Peter Kloppenburg

Institute for Zoology

Modulation of Neurocircuits

The central nervous system constantly integrates information about the internal milieu and the environment to optimize the organism's physiological state. Understanding the homeostasis-regulating neurocircuits and how they change during aging and disease fosters the identification of therapeutic strategies against metabolic disorders and their comorbidities, including neurological disorders.

Research Focus

Homeostasis of vital physiological parameters, including energy, is tightly controlled by specialized, highly adaptive neural circuits in the central nervous system. These neurocircuits acquire and integrate information about the internal milieu and the external environment. Based on this integrated information, they adjust their regulatory output to ensure optimal physiological homeostasis. Aging, extreme diets, and diseases can impair these homeostasis-regulating neuronal systems. These impairments drive the development of metabolic disorders such as obesity, type 2 diabetes, and associated comorbidities, including neurodegenerative diseases. By defining the physiological properties of these networks and their age and diet-related changes, our group aims to understand the molecular and cellular mechanisms that mediate the development of metabolic disorders.

A comprehensive understanding of the mechanisms that promote or prevent deregulation of these neuronal circuits helps to develop new therapeutic interventions against metabolic and neurological diseases.

Our Goals

As an overarching research topic, we focus on understanding the complex mechanisms regulating energy homeostasis and body weight. To this end, we are investigating how central neural circuits control food intake and energy expenditure, particularly under conditions that promote hyperphagia, obesity, and type 2 diabetes.

Our objectives include defining the biophysical and cellular mechanisms responsible for alterations in these neuronal circuits over the life span and how they are impacted by diet and other environmental factors, e.g., temperature.

  • At the systems level, this involves analyzing how information from multimodal sensory pathways is integrated into the energy homeostasis regulation system.
  • At the cellular and subcellular level, the objective is to explore the interplay of neuromodulators within neuronal circuits and their convergence on single neurons and to elucidate the interactions of different intracellular signaling pathways within single neurons.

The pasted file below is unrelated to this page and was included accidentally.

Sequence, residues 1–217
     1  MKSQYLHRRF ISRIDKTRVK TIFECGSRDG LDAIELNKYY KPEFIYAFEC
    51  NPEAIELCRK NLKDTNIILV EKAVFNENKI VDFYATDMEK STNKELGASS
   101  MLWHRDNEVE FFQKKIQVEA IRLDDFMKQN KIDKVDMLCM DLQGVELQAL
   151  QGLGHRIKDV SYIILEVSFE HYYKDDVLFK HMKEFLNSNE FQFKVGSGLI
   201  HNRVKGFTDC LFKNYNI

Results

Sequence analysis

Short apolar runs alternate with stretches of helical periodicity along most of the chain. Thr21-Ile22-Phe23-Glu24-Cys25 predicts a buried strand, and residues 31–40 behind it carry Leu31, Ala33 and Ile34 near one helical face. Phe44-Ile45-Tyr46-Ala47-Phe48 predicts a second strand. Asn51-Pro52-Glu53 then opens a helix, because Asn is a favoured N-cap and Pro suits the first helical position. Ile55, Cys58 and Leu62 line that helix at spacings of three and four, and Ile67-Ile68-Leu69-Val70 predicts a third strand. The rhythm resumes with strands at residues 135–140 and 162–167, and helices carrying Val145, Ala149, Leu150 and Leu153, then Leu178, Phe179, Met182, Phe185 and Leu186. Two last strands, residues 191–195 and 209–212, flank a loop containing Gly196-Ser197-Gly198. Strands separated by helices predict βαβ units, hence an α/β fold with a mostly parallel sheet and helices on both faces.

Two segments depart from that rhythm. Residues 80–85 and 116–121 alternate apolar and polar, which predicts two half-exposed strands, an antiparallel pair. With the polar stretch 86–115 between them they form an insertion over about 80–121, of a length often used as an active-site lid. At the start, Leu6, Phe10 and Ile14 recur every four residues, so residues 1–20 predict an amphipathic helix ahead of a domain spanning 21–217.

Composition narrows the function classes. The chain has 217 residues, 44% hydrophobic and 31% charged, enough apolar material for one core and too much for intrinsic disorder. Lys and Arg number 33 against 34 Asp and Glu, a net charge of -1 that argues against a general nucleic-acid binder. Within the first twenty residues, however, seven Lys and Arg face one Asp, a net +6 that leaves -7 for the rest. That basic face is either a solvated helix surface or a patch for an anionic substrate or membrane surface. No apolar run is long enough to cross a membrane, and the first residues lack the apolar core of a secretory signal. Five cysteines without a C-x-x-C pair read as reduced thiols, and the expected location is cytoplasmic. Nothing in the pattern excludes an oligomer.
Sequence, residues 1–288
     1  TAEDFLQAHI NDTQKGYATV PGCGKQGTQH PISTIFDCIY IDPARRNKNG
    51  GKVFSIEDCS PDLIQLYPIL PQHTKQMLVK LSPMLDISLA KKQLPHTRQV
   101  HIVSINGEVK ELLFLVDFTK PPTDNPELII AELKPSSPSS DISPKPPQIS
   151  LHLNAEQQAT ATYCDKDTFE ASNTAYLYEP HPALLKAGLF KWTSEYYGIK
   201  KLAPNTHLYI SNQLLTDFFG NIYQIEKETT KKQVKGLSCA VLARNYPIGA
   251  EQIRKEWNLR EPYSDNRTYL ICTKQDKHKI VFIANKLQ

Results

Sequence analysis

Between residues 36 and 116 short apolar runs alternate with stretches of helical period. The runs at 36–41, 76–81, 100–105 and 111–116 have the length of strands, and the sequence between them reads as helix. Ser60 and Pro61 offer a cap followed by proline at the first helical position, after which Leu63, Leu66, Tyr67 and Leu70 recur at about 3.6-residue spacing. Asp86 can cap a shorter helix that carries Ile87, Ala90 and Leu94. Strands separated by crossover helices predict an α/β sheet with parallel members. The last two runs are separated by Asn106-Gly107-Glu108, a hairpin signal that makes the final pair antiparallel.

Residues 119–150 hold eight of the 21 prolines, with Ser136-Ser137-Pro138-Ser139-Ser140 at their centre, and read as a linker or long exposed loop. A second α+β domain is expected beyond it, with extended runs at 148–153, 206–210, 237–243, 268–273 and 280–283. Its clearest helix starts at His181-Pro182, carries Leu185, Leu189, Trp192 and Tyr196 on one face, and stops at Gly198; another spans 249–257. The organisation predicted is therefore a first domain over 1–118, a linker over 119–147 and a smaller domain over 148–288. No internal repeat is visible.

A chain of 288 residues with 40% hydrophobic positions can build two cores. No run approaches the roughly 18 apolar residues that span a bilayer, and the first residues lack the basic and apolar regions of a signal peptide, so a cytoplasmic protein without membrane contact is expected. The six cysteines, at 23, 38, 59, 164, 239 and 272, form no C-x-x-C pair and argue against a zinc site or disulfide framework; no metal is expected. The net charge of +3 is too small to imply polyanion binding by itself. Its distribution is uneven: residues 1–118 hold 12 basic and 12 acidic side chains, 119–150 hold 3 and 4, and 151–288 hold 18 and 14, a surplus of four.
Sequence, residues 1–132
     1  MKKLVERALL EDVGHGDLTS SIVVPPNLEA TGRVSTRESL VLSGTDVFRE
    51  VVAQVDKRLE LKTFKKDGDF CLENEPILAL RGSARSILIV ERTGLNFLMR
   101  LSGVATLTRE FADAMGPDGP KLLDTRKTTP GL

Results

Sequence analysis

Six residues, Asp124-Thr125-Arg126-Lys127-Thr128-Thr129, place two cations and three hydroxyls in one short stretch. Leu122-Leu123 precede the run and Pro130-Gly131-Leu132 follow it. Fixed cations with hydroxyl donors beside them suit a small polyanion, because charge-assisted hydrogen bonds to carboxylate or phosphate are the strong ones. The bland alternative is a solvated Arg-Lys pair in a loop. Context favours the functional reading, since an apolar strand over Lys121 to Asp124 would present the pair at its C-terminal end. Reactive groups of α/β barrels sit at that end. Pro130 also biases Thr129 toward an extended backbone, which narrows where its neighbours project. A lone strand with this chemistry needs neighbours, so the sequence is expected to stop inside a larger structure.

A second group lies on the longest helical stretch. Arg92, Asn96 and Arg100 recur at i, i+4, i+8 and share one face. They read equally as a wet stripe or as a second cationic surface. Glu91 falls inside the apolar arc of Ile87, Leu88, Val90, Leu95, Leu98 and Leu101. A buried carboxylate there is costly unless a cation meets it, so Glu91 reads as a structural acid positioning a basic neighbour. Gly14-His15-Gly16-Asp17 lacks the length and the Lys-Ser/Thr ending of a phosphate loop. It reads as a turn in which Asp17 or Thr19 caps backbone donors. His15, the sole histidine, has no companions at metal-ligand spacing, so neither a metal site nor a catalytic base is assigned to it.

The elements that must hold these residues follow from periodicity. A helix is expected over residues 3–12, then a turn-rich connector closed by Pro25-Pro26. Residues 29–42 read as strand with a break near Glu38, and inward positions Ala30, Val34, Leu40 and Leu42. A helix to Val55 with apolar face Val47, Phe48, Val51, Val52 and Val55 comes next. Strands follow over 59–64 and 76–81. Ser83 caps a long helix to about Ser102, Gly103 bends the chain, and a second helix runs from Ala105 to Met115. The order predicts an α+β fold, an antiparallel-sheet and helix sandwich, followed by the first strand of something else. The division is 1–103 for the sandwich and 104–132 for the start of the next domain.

Our research employs and combines optogenetics, chemogenetics, and various electrophysiological and optophysiological recording techniques to provide comprehensive mechanistic insights that can facilitate the development of therapeutic interventions for metabolic and neurological disorders.

Key Publications

  1. Hess, S., Pouzat, C., Paeger, L., Pippow, A., and Kloppenburg, P. (2021). Analysis of neuronal Ca2+ handling properties by combining perforated patch clamp recordings and the added buffer approach. Cell Calcium 97, 102411. 10.1016/j.ceca.2021.102411.
  2. Jais, A., Paeger, L., Sotelo-Hitschfeld, T., Bremser, S., Prinzensteiner, M., Klemm, P., Mykytiuk, V., Widdershooven, P.J.M., Vesting, A.J., Grzelka, K., Minère, M., Cremer, A.L., Xu, J., Korotkova, T., Lowell. B.B., Zeilhofer, H.U., Backes, H., Fenselau, H., Wunderlich, F.T., Kloppenburg, P., and Brüning, J.C. (2020). PNOCARC Neurons Promote Hyperphagia and Obesity upon High-Fat-Diet Feeding. Neuron 106, 1009-1025.e10. 10.1016/j.neuron.2020.03.022.
  3. Paeger, L., Pippow, A., Hess, S., Paehler, M., Klein, A.C., Husch, A., Pouzat, C., Brüning, J.C., and Kloppenburg, P. (2017). Energy imbalance alters Ca2+ handling and excitability of POMC neurons. Elife 6, e25641. 10.7554/eLife.25641.
  4. Steculorum, S.M., Paeger, L., Bremser, S., Evers, N., Hinze, Y., Idzko, M., Kloppenburg, P., and Brüning, J.C. (2015). Hypothalamic UDP Increases in Obesity and Promotes Feeding via P2Y6-Dependent Activation of AgRP Neurons. Cell. 162, 1404–1417. 10.1016/j.cell.2015.08.032.
  5. Kloppenburg, P., Zipfel, W.R., Webb, W.W., and Harris-Warrick, R.M. (2000). Highly localized Ca2+ accumulation revealed by multiphoton microscopy in an identified motoneuron and its modulation by dopamine. J Neurosci. 20, 2523–2533. 10.1523/JNEUROSCI.20-07-02523.2000.